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Shogun Assassin: 5-Film Blu-ray Collector's Set
DirectorKenji Misumi, Buichi Saito, Yoshiyuki Kuroda
Release Date(s)1972-1980 (April 24, 2012)
Studio(s)Toho Co., Ltd. (AnimEigo)
This two-disc set collects the entirety of the Americanized versions of the Lone Wolf and Cub/Baby Cart series of films (of which there are 6 Japanese language versions). The first film, Shogun Assassin contains the first two films in that series (Sword of Vengeance and Baby Cart at the River Styx) edited down into one film.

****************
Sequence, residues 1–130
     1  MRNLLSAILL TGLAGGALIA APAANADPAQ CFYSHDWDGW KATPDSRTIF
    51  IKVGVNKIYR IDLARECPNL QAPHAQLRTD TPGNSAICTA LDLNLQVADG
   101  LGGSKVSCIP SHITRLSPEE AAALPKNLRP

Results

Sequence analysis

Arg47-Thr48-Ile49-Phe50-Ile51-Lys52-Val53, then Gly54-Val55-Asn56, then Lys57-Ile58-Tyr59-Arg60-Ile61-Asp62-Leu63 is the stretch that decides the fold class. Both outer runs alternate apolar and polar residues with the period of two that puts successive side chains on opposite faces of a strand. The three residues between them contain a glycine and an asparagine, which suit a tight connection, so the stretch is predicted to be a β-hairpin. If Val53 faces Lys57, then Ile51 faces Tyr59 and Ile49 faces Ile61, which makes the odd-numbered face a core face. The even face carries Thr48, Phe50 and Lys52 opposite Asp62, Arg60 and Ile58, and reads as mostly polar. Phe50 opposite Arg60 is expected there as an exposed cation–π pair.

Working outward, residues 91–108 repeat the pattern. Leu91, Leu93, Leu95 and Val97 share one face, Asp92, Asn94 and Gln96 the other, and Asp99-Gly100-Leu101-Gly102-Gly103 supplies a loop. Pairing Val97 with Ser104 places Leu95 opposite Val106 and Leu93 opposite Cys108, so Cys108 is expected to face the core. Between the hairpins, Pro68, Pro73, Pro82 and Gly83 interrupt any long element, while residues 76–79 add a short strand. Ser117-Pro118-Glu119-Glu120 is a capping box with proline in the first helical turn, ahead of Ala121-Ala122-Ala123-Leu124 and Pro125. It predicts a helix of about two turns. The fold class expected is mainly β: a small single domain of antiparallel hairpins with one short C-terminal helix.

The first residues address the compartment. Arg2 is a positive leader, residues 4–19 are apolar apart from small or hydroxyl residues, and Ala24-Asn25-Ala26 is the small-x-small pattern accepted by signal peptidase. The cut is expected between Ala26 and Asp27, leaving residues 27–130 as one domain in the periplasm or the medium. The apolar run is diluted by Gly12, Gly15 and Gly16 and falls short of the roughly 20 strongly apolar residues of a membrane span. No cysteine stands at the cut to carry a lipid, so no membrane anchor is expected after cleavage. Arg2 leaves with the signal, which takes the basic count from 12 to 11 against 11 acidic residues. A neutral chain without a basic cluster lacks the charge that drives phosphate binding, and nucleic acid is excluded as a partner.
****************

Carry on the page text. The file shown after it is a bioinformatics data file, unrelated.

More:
It ends up being about ten minutes or so of the first film and a majority of footage from the second film making for a lean and mean 85 minutes of awesome samurai violence. Ogami Itto, in this version, quits his job as executioner for a corrupt Shogun and rather than commit ritual suicide, he and his son (who "chooses" to join him after picking a sword rather than a ball as a plaything) make a bloody exit from the Shogun castle and make their way out in the world. There's actually something worth mentioning that is showcased in this edit: in this version of the film, the Shogun is Yagyu Retsudo - who in the original Japanese series is only the puppet master for the Shogun's ninja team and, because of a greedy power play, the one who is responsible for Itto's downfall. It is Yagyu whom Itto has sworn vengeance on - not the Shogun. Anyway, here, the Shogun not one for being betrayed, sends him best assassins out to kill Itto. All are destroyed, culminating with a gang of three master assassins meeting a swift but bloody end at the end of Itto's blade. Oh, yeah, spoiler alert. The film is remembered for its staccato (and quite silly) narration from Diagoro (Itto's son) keeping us updated on the action of the film and was featured prominently in Quentin Tarantino's Kill Bill 2. On its own though, Shogun Assassin has become a fondly remembered cult film and is partly responsible for samurai fandom in the 70s, 80s and 90s which allows for so many of these films to be on DVD and Blu-ray.